• Interview (in adolescents and adults): Interview with an open-ended question such as, “Tell me the problem that brings you here today,” or “Why don’t you tell me about your stuttering?”
  • Teacher Interview (in school-age child): The following questions serve as guidelines for the types of things clinician want to find out – Does the child talk in class? Does he stutter? What is his stuttering like? How does he seem to feel about his stuttering and about himself as a communicator? Does stuttering interfere with the child’s performance in school? Do other children tease him about stuttering? How does the teacher feel about stuttering, and how does he or she react to it?
  • Classroom Observation (in school-age child): Direct classroom observation can help clinicians understand the severity of a child’s stuttering and the degree to which it interferes with his academic adjustment.
  • Child/Student Interview (in school-age child): Clinician arrange for the child to come to the treatment room. Here, I set about to make him feel that my room is an accepting environment where he can have fun and also discover how he can make his speech much easier.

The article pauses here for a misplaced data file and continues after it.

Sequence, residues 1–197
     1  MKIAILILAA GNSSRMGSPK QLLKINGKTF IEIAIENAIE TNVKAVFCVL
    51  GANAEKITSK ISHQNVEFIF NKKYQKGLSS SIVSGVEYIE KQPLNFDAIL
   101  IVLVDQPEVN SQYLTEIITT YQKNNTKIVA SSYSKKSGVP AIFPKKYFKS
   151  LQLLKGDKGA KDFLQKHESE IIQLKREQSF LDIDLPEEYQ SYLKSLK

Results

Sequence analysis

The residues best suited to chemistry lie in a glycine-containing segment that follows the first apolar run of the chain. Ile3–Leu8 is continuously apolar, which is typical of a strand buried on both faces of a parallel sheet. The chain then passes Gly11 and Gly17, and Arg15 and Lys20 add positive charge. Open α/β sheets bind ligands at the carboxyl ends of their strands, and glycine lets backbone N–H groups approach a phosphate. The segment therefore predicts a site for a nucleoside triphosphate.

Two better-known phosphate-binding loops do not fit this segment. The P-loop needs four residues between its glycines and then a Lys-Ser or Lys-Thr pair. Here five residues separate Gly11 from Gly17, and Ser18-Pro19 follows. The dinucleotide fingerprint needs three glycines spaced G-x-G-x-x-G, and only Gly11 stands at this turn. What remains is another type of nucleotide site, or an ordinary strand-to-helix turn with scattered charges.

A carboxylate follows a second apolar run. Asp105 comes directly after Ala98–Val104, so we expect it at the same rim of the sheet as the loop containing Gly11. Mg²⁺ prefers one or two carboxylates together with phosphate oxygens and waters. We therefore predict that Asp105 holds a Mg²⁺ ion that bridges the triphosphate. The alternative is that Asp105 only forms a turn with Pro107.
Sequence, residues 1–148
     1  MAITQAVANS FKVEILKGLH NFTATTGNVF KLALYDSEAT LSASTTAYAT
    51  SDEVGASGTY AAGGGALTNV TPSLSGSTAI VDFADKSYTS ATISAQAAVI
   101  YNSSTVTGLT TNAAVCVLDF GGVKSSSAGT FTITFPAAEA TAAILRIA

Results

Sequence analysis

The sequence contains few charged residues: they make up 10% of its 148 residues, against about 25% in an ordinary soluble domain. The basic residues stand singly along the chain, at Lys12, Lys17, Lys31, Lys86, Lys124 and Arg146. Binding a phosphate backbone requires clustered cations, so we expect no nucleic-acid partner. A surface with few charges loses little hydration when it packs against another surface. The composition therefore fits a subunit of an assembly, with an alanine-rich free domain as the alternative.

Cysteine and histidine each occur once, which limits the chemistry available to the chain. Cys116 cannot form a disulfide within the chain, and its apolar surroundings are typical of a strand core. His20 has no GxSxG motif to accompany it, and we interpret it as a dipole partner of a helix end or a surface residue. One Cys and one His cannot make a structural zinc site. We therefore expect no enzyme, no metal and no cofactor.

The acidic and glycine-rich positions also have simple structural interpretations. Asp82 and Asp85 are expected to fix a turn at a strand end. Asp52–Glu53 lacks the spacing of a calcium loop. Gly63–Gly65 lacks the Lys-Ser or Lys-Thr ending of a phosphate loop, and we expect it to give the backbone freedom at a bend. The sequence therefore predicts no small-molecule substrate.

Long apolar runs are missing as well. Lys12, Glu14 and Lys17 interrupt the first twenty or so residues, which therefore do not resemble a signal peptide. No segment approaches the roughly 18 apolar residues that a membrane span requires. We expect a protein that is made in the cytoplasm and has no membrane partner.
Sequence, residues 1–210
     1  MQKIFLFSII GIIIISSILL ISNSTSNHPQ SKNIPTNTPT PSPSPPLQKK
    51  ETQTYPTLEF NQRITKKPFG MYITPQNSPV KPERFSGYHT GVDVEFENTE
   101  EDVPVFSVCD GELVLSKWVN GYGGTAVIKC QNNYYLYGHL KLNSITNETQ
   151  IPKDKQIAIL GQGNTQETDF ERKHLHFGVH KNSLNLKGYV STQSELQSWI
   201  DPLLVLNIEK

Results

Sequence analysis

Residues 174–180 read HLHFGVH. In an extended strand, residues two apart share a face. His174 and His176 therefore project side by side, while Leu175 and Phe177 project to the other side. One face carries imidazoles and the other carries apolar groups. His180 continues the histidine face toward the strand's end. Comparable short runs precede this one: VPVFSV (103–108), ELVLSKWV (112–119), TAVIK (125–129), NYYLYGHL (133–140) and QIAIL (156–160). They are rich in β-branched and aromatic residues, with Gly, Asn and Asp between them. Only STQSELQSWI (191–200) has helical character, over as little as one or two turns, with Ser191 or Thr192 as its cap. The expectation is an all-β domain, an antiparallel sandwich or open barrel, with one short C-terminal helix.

• Clinician-Child Interaction (in preschool child): the clinician can see firsthand what the child’s speech is like, how he responds to various cues, and how well he can modify his disfluency.
    • Talking about Stuttering
    • A Child Who Won’t Talk
    • A Child Who Is Entirely Fluent
  • Speech Sample: The following sections describe how to analyze samples of a preschool child’s speech. You should have more than one speech sample to analyze from the recordings that the parents sent in, the parent-child interaction, and the clinician-child interaction.
    • Preliminaries (in school-age child): Record a video with him talking for 10 minutes about school and other activities in the therapy room. record a sample that optimally includes 300 to 400 syllables of his/her speech.
    • Pattern of Disfluencies: Frequency of disfluencies; Types of disfluencies; Nature of repetitions and prolongations; Starting and sustaining airflow and phonation; Physical concomitants; Word avoidance.
    • Stuttering Severity Instrument (SSI-4): Using the 200-syllable or longer samples gathered earlier, you should carefully follow the guidelines in the examiner’s manual of the SSI-4 to determine a child’s stuttering frequency, duration, and physical concomitants scores.
    • Test of Childhood Fluency (in preschool child): Test of Childhood Stuttering (TOCS) can be used for children ages 4 to 12 and is thus appropriate for older preschool children.